sitch.jpgThe way things usually work when marketing and advertising cross paths with the TV and film industries, is that the former pays the latter for what’s known as product placement — i.e. the advertiser or ad agency pays the TV producer or actor to use/wear/eat a their product during the ordinary course of the program. This is becoming an increasingly effective means of advertising in the era of the DVR (when many people fast forward through the commercials).

Here’s a situa … uhhhm, I mean a circumstance where the opposite is true: Instead of paying the actor or show to showcase their product, the teeny, fratty clothing purveyor Abercrombie & Fitch has offered Mike “The Situation” Sorrentino a substantial amount of money to refrain from wearing A&F gear.

For nearly two decades, A&F has made billions by exploiting teenaged and young twenty-somethings’ six-pack abs, which also happens to be Sorrentino’s self-proclaimed calling card. (He actually tried to get trademark protection for his abs, but fortunately the USPTO thought better or it.)

I disagree with those who are quick to call this a mere publicity stunt for A&F. This was a strategic decision by Mike Jeffries (A&F’s CEO) to dissociate from the raunchy, douchebag image perpetuated by Sorrentino and the reality show. It’s just Jeffries’ eccentric way of policing the Abercrombie brand.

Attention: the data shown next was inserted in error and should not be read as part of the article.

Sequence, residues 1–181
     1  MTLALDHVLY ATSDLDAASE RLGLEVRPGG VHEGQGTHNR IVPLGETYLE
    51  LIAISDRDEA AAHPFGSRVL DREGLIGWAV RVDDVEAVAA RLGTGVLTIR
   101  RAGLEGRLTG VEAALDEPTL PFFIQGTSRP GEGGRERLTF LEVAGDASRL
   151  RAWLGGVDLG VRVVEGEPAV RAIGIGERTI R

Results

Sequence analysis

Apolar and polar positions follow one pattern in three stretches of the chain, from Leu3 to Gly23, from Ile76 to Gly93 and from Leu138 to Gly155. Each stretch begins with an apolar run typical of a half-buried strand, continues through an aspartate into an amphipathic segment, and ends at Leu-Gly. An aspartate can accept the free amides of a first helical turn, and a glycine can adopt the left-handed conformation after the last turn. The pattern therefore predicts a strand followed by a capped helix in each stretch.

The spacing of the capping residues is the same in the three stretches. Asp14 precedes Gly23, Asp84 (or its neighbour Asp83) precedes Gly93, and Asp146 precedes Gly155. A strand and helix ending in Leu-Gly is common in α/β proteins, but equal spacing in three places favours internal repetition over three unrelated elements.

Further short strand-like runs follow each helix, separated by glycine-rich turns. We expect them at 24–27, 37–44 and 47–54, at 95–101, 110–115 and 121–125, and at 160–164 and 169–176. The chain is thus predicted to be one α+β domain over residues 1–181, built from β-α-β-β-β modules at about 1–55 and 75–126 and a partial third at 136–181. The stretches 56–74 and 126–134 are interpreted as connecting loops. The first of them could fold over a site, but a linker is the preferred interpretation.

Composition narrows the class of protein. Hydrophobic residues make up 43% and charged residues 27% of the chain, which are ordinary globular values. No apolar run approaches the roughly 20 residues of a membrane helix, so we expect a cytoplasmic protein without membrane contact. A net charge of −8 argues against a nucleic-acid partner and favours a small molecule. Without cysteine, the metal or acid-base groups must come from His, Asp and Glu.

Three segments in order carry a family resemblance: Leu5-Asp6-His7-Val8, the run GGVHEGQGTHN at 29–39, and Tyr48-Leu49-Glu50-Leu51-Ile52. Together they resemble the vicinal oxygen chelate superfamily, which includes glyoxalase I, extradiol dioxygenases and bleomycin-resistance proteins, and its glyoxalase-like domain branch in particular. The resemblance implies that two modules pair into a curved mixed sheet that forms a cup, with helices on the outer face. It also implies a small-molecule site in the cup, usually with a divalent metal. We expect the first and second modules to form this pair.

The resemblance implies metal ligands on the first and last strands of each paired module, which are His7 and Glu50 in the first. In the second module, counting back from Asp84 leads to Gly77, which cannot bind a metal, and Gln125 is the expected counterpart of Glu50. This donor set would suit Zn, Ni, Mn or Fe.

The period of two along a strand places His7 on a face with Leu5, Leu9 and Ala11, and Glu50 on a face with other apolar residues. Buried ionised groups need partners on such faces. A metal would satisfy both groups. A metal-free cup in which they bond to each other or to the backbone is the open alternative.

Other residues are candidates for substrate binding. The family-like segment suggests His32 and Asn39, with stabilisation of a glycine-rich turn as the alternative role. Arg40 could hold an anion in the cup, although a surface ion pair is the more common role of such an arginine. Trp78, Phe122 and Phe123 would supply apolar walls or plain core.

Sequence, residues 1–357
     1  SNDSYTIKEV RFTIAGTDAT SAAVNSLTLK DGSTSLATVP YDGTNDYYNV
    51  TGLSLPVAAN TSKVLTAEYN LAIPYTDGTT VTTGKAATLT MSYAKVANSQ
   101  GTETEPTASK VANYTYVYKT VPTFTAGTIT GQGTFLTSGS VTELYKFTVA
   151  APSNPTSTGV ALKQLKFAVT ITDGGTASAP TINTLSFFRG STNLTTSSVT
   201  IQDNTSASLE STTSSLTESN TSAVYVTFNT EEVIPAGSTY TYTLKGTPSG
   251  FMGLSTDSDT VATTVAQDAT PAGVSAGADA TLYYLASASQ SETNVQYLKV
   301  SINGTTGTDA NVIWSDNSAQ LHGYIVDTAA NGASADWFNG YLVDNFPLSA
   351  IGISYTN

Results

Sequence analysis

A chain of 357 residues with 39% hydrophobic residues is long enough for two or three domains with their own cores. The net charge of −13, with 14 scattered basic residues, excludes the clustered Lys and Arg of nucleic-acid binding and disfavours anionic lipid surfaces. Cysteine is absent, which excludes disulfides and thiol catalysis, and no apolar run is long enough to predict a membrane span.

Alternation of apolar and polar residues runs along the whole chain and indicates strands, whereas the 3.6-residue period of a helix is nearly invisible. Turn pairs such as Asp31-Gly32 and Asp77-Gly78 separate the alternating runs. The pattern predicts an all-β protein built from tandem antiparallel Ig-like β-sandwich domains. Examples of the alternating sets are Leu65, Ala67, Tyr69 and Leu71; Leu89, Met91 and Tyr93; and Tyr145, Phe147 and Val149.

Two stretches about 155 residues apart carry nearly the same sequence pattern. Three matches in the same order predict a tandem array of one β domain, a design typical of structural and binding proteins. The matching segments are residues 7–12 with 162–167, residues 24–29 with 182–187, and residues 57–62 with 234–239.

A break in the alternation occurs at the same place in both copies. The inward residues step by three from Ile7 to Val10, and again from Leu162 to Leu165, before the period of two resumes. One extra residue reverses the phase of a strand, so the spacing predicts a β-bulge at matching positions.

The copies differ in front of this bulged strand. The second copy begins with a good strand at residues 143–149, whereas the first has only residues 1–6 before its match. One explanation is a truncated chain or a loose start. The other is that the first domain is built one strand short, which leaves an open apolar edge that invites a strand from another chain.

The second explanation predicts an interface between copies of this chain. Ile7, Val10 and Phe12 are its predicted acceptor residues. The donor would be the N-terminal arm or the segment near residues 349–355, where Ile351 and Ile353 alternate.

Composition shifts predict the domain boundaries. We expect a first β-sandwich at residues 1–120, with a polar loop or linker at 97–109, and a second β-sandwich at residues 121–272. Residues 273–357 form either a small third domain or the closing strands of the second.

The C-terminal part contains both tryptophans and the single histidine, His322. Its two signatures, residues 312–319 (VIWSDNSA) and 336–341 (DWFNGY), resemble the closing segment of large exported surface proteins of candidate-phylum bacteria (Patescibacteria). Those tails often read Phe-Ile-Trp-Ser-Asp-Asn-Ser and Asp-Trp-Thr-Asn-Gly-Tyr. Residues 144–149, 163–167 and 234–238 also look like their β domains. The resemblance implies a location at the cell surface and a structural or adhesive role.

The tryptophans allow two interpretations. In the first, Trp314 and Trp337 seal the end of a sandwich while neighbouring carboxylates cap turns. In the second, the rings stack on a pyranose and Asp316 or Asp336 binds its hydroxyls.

Policing your brand goes hand-in-hand with trademark protection, because those who fail to police their brand/mark end up losing it altogether. Most of us are too young to remember that aspirin was once a brand-name drug.

Sorrentino’s people haven’t said whether they’re considering A&F’s offer, but regardless of whether he takes the deal, doesn’t this set a dangerous precedent for the future? Is Glock going to pay Plaxico Burress to switch to Smith & Wesson? Are the Yankees gonna pay wannabe-thug rappers to don Red Sox lids instead? Instead of paying Sorrentino not to wear A&F clothes, why not send him a cease and desist letter, on the basis that he is disparaging their brand? Even if Abercrombie were to lose that fight in court, it would send a strong message that they do not condone or endorse the lifestyle portrayed by Sorrentino and his goombahs.